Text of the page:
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This article by Phyllis Maguire was prepared for the October 16, 2002 edition of U.S. 1 Newspaper. All rights reserved.

From an Artist, `Flying Colors’

Tim Lefens, who is now 48, has always been able to

turn to mentors. As a child and teenager growing up around Princeton,

he found himself mesmerized by art — so he took every opportunity

to hang out (when he wasn’t at the shore surfing) in the studio of

his good friend’s father, Roy Lichenstein.

Mentors also served him well as he studied art at Virginia Commonwealth

University, did graduate work at Rutgers, forged a career in abstract

expressionist painting, and paid the rent from time to time by cutting

trees and painting houses. So when Lefens decided to write a book

about his work with gifted painters who have severe physical disabilities,

he turned to another mentor, Pulitzer Prize winner John McPhee.

"We went out to lunch before the writing kicked into full gear,"

Lefens recalls, "and McPhee said, `Tim, number one, you’re not

a writer’ — I took offense at that because I figured I could instantly

write — `but you can tell one hell of a story, so just write the

book the way you talk.’"

"So that’s what I did," he continues. "It was the tip

of a lifetime, and it saved my ass."

The end result of that well-timed tip is "Flying Colors: The Story

of A Remarkable Group of Artists and the Transcendent Power of Art,"

published this month by Beacon Press. Lefens launched the book with

an appearance at Barnes & Noble in early October and hosts a reception

for a month-long show of 100 works by his students at Rutgers’ Mason

Gross Galleries in New Brunswick on Thursday, October 24, from 6 to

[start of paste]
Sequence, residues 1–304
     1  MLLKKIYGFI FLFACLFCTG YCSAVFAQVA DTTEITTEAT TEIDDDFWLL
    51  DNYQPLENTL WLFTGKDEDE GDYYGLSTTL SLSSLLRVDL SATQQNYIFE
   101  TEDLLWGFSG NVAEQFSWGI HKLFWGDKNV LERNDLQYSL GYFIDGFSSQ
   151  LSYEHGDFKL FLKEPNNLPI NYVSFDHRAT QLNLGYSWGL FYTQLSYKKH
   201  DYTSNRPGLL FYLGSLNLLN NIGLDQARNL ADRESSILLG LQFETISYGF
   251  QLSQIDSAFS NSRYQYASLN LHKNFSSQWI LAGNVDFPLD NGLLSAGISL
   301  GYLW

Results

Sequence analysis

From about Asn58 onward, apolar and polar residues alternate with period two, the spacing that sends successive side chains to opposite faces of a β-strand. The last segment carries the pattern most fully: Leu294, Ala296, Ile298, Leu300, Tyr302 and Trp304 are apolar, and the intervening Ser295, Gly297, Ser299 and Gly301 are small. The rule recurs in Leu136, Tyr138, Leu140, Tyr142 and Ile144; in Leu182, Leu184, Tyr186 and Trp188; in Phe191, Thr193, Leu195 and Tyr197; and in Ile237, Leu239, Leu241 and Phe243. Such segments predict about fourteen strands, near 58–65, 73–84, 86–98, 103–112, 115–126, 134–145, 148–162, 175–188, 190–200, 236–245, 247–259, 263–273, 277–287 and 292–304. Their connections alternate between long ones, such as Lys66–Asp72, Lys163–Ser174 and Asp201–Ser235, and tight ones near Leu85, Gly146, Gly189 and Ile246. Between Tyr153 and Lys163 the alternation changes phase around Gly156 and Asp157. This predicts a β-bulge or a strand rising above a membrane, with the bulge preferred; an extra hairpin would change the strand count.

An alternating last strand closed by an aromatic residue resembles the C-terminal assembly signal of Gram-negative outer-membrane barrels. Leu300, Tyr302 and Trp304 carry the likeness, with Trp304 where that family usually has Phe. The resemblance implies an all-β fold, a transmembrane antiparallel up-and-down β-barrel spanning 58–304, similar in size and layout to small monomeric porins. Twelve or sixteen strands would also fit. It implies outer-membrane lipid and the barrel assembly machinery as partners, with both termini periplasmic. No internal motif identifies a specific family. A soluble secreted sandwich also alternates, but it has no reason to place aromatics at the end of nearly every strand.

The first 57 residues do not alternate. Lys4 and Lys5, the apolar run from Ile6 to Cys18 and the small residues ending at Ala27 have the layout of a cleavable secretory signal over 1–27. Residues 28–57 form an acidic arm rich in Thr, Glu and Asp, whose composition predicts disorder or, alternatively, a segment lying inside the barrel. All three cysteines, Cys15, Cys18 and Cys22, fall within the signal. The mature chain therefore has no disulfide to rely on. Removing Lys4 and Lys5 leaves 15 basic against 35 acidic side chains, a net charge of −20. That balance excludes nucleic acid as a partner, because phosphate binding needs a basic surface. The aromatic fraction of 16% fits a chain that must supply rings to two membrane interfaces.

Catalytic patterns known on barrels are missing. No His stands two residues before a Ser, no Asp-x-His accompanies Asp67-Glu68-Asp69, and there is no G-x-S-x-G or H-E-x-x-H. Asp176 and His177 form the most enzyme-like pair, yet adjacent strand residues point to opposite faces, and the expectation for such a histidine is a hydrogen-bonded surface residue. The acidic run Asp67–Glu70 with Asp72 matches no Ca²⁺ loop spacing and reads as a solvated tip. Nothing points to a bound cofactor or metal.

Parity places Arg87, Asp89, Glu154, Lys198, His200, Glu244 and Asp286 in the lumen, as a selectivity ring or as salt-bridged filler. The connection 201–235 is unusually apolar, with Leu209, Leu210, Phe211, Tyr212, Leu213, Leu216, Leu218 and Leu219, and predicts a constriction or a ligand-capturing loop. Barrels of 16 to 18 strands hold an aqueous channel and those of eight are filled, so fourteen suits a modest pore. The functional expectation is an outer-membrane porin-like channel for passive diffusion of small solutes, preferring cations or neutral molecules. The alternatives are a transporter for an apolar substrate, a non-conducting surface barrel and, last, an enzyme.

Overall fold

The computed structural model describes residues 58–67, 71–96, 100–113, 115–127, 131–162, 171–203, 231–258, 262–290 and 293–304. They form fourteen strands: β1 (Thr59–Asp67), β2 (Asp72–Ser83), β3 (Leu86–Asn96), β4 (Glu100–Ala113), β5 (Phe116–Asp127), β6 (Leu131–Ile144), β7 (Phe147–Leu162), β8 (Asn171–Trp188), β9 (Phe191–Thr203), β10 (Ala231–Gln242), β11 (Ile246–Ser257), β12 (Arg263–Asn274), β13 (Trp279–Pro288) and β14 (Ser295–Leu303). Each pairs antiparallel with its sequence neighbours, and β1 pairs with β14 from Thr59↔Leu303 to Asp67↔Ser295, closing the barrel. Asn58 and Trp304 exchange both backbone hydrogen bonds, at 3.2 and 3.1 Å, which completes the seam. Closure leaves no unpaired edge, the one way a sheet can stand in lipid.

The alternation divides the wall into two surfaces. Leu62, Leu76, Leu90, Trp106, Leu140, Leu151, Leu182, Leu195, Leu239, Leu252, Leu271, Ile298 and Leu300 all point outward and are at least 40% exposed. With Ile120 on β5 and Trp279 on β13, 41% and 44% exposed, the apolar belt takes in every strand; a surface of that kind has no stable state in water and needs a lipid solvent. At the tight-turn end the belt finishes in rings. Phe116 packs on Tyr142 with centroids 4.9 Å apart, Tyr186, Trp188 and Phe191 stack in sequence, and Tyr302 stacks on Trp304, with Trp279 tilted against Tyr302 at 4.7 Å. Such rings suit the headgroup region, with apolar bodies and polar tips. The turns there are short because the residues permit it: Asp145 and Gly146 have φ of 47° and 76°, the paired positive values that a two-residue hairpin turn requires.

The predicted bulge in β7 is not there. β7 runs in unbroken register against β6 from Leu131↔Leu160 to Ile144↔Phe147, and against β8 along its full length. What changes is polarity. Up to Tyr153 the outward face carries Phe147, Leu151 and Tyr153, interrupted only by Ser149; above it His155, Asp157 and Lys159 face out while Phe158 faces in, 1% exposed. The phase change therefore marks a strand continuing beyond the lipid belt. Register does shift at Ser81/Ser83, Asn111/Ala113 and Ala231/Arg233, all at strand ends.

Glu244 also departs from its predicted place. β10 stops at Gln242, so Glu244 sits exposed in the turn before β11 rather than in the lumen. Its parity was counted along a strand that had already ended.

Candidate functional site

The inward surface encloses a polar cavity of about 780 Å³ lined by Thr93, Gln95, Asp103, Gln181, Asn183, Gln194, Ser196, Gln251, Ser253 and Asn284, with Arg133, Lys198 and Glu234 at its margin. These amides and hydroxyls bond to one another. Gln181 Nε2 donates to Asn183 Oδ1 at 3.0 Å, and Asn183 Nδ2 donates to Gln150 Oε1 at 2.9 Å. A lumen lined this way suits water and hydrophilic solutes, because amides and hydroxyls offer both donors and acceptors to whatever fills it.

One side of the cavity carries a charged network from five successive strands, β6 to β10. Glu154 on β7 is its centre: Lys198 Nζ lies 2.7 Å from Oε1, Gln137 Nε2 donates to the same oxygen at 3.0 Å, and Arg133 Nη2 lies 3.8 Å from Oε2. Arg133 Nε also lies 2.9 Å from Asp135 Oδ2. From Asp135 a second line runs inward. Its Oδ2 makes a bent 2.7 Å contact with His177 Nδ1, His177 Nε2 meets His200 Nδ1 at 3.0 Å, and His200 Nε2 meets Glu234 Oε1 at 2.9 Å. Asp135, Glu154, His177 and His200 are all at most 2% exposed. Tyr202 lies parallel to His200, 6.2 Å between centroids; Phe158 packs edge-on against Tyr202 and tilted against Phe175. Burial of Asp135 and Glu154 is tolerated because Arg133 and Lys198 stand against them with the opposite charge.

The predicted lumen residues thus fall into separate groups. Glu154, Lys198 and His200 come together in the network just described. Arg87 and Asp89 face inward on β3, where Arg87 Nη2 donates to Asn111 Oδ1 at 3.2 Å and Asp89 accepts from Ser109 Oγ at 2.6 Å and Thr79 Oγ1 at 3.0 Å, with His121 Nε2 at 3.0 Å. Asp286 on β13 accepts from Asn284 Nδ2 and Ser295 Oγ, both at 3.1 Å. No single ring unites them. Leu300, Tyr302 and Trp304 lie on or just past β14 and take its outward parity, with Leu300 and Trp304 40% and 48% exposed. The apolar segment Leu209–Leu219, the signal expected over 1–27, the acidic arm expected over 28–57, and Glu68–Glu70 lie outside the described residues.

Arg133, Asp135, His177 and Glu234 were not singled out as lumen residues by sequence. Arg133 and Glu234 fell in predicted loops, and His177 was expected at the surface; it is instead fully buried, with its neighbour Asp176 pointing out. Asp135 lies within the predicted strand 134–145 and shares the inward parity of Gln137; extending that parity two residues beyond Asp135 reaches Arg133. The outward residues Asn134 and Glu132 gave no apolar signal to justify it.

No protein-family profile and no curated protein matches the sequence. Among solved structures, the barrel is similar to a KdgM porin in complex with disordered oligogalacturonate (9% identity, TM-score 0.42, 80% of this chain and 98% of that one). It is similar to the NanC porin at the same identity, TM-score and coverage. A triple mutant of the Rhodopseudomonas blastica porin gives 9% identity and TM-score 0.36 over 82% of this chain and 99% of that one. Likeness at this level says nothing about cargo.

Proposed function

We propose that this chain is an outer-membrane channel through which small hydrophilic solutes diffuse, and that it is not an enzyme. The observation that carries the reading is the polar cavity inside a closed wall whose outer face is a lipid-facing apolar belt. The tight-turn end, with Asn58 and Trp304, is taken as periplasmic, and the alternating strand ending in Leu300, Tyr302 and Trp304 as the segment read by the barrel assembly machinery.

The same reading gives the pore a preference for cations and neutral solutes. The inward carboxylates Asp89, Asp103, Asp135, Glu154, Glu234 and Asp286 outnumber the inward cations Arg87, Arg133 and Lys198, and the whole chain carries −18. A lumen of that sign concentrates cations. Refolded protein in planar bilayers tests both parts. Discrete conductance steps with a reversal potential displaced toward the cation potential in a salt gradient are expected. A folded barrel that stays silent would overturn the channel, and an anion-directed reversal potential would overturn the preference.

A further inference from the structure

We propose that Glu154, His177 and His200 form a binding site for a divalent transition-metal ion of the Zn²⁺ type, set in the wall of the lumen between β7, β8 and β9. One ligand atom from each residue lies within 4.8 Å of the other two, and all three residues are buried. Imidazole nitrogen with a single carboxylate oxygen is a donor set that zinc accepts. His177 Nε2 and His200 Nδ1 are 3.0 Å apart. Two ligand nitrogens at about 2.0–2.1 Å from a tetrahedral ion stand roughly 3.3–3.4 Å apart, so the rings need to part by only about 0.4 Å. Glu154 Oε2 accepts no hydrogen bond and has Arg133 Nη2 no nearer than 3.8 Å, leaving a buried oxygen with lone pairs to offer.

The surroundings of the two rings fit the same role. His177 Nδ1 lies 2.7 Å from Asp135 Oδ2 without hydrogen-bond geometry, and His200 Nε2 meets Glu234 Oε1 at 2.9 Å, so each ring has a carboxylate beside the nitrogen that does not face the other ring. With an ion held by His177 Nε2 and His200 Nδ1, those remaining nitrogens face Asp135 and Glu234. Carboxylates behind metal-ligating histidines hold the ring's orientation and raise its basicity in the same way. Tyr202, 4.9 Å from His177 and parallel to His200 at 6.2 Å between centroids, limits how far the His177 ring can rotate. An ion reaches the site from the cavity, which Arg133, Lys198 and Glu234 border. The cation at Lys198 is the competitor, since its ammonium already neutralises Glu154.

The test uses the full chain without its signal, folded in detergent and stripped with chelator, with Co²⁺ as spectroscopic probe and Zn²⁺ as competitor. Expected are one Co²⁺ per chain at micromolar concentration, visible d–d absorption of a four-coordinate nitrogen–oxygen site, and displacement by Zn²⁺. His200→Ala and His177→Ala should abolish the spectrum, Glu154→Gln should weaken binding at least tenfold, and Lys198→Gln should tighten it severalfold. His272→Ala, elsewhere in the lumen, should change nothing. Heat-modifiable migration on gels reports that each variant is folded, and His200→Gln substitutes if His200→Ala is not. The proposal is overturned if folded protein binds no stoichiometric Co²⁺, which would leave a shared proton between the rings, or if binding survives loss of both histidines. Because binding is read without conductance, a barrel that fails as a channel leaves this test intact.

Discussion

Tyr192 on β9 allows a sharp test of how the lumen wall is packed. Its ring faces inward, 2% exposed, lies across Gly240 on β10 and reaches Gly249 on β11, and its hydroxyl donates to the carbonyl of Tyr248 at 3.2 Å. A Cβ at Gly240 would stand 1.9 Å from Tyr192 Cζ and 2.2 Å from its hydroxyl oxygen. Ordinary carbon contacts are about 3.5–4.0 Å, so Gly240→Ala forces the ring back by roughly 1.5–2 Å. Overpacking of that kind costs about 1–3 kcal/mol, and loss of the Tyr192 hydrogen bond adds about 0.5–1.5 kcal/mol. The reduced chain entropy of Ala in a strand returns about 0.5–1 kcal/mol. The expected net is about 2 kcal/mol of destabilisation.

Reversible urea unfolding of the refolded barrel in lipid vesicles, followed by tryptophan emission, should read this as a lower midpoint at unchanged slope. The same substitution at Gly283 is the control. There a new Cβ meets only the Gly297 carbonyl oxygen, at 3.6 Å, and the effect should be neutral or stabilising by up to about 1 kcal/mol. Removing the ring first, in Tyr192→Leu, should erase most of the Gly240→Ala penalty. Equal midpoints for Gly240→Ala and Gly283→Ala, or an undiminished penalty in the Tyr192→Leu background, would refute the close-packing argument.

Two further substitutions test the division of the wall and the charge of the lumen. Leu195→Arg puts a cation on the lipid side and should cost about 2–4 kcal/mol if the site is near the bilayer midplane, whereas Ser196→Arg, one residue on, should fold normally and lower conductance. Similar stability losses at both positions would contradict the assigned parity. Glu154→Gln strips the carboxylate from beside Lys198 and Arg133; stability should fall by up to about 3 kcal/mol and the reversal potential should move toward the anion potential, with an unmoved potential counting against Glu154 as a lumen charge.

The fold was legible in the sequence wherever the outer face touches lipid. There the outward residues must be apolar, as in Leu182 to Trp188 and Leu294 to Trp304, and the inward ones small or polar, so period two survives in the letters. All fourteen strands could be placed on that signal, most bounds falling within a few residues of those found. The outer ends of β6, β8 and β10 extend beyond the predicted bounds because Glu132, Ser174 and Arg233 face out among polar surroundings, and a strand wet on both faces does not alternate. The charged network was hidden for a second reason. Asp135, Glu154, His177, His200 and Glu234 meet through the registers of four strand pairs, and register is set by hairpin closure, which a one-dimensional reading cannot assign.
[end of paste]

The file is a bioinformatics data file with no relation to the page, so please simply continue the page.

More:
8 p.m.

In the memoir, Lefens tells a compelling story, one that is a passionate

paean to the commitment of the artists Lefens works with, many of

whom can’t talk or move their hands. The book is also a fierce indictment

of a system that shuts people with disabilities away and assumes that

their psychological and emotional selves function no better than their


Lefens first visited the Matheny School and Hospital in Peapack in

1992 to show slides of his own artwork to students crippled with cerebral

palsy, muscular dystrophy, or spina bifida. Haunted by his brief visit

with young adults whose twisted limbs were strapped into wheelchairs,

Lefens proposed to the school’s administrators that he teach an art


Only four students showed up at his first session, but their experiences

in the cramped studio soon transformed all present, including Lefens.

At his suggestion students created their first works by riding their

wheelchairs over painted canvases laid on the floor. But they soon

grew restless with that technique, pushing Lefens to technological

improvisations that unleashed their full range of creativity and energy.

He attached a laser to a headband the students wore to indicate to

a tracker — a trained assistant applying the exact amount and

color of paint, following the artists’ laser directions — exactly

how to realize their visions on canvas.

As they became proficient in their breakthrough technique, the students

also learned that Lefens was struggling with a handicap of his own:

Diagnosed with retinosis pigmentosa, the artist was losing his sight

— and facing the possibility that he might not paint again. (He

wrote "Flying Colors" on what he calls a "talking computer,"

with a Windows Eyes program that "speaks" back typed letters,

words, and sentences.) Lefens’s commitment to his Matheny students,

he wrote, eased much of his own anger and frustration over his growing


The students’ paintings were first exhibited at Rutgers and Art’s

Garage in Hopewell, then in sold-out shows in Manhattan corporate

headquarters and galleries. Students sold works for thousands of dollars,

while media outlets picked up their story and Lefens saw the condescension

his students first experienced change to respect.

"At their first exhibit, there was nothing but stupid questions,

like `Who really did these?’ and `Are you sure they’re right side

up?’ — all insulting stuff," he says in a phone interview

from his home office in Belle Mead. "But at every show that has

diminished, so that now it’s awe and excitement."

According to Lefens’s book, Matheny’s administrators basked in the

publicity, while imposing petty restrictions on the flourishing artists